I already have a Single Domain SSL on my main domain (example.com), but I would like to add a new SSL cert to my subdomain (api.example.com). Can I purchase another single Domain SSL, or do I need to buy a wildcard domain SSL and re-do the SSL cert on example.com?
Wildcard vs. MultiDomain vs. Standard SSL Certificates
Just a quick run down of SSL types and when I recommend using them.
Domain: *.domain.com (domain.com)
Can be used for any *.domain.com and depending on the vendor domain.com. In Apache, this can be used in any server or Vhost configuration block. To prevent errors, the domain being served must match the *.domain.com pattern.
I recommend this SSL certificate if you have many (>5) domains using *.domain.com. For example, we have mail.domain.com, wiki.domain.com, my.domain.com and others. We can secure all of these with 1 SSL certificate.
Domain: domain.com, anotherdomain.com, someotherdomain.com
Some vendors provide multidomain SSL certificates. These can be used for multiple, unique domain names, e.g. www.domain.com, www.anotherdomain.com.
These are required if you are serving multiple-domains from the same Vhost and do not want SSL errors. For example, with Wordpress Multi-site, you would need to use one of these certificates.
Lastly, these can simplify management if having dozens of domains. It is easier to keep track of a single cert than 50.
Standard SSL Certificates
Domain: www.domain.com (domain.com)
Good for a single domain. Some vendors may include www.domain.com and domain.com.
Recommended when a single domain requiring SSL is served from a Vhost or server.
You should have a separate certificate if either of these points is true:
- The sites are run on different servers - extra important because if one of the servers is compromised, so that the certificate can be stolen and used by someone else, the other site will still not be compromised. If they were to have the same certificate, getting one cracked would mean that the cracker could also impersonate the other site.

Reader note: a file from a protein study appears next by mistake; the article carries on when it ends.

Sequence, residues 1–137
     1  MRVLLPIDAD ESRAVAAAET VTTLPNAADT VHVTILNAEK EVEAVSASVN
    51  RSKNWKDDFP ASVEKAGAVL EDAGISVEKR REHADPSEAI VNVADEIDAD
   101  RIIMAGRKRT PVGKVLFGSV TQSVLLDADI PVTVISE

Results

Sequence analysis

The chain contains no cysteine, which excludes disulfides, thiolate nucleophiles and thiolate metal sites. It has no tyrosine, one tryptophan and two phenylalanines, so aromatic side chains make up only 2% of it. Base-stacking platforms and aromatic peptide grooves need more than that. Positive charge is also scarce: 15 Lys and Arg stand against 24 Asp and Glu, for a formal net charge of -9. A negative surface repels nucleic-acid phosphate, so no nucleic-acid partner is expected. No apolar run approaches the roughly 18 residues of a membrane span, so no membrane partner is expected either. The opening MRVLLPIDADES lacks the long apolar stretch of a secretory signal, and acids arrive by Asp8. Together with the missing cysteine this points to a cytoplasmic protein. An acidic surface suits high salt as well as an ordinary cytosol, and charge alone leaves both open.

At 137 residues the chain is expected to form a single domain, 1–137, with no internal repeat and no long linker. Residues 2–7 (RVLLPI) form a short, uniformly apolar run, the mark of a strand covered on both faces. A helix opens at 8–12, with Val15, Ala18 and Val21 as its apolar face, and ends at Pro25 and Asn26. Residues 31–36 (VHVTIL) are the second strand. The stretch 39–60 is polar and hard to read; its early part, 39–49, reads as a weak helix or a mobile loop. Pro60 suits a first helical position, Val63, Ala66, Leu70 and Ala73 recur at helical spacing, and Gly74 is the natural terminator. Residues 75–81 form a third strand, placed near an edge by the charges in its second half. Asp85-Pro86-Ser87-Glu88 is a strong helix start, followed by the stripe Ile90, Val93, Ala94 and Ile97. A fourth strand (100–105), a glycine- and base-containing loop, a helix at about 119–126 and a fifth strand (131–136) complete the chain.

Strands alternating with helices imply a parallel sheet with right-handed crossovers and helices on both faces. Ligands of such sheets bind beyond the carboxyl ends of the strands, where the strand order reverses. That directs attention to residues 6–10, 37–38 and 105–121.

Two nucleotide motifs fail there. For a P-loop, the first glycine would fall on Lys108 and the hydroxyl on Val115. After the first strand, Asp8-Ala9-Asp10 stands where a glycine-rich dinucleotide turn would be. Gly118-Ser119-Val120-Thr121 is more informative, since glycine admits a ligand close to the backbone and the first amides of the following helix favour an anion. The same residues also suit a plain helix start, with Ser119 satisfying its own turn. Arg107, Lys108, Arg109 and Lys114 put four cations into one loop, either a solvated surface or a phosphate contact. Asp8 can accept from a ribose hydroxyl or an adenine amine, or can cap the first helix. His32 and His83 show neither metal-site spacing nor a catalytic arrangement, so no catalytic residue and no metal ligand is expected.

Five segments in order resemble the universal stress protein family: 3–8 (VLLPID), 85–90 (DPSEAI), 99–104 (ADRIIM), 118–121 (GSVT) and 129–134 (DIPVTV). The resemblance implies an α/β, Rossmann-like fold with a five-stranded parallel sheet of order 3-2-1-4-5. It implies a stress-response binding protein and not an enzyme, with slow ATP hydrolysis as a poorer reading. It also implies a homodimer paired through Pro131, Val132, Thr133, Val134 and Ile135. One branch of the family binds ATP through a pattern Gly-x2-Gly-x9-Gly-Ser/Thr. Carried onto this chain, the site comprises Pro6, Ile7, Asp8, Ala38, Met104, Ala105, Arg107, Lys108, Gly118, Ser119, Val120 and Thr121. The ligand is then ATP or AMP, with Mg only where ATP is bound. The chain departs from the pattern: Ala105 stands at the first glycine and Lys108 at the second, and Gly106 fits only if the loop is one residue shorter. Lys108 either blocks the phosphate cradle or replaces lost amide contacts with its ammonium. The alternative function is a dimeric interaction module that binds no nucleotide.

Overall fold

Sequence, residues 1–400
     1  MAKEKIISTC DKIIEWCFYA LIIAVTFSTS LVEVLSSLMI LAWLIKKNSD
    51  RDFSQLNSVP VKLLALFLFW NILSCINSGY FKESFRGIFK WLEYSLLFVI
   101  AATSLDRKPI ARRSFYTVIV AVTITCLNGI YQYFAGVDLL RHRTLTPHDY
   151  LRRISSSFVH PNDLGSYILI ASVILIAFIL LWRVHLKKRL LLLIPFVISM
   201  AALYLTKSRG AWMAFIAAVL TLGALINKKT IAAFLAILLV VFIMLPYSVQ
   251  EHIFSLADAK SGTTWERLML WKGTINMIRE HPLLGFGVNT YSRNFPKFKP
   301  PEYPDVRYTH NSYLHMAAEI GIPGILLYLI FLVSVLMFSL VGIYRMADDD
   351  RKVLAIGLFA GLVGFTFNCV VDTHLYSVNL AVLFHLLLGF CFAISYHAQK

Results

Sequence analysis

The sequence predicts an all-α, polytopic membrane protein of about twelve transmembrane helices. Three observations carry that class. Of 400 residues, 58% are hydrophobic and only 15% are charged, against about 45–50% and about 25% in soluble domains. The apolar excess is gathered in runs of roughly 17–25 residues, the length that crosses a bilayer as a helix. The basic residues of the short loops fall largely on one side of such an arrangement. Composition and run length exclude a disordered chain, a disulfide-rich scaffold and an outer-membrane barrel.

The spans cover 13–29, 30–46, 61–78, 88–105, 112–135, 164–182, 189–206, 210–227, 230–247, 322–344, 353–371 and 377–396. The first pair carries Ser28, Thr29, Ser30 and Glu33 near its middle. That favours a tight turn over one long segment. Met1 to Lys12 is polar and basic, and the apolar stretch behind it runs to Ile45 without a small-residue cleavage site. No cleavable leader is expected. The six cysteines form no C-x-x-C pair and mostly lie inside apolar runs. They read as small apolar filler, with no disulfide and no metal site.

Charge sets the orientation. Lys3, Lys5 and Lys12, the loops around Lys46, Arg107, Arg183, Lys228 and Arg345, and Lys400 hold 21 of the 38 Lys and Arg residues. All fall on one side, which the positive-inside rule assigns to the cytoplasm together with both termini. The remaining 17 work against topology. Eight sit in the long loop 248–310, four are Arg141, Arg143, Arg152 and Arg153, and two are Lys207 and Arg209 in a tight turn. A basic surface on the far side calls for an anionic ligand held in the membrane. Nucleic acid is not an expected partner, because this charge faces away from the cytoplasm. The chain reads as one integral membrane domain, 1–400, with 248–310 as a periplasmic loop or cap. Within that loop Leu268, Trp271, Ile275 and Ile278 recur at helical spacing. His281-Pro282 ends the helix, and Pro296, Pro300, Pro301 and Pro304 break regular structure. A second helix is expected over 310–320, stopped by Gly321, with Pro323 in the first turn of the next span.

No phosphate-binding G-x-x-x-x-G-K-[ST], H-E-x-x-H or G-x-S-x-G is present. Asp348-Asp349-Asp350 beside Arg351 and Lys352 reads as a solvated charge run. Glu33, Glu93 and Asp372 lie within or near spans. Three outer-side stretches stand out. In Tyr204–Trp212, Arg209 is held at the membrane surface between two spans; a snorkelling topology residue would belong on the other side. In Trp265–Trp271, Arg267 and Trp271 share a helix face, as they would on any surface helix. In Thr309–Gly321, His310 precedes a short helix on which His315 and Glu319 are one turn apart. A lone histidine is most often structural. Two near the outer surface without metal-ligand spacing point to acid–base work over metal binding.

- The sites are on different IPs on the same server (although here you could choose to have the same certificate, having different ones means that it will be easier if you ever decide to move them around)
- The sites are accessed via different protocols (i.e. one is a web server, the other is e.g. a mail server)
You should have a common certificate (i.e. one with a Subject Alternative Name or with a wildcard name) if either of these points is true:
- The sites are on the same server and IP and look exactly the same (e.g. if you want www.domain.com and domain.com to have exactly the same content and be accessed in the same way). In this case you don't need to have separate VirtualHosts for them; just make one of them a ServerAlias for the other.
- The sites are on the same server and IP, and you are using NameVirtualHost to serve different content for each site. The reason why you still want to have only one common certificate can be found in this answer to an SSL question.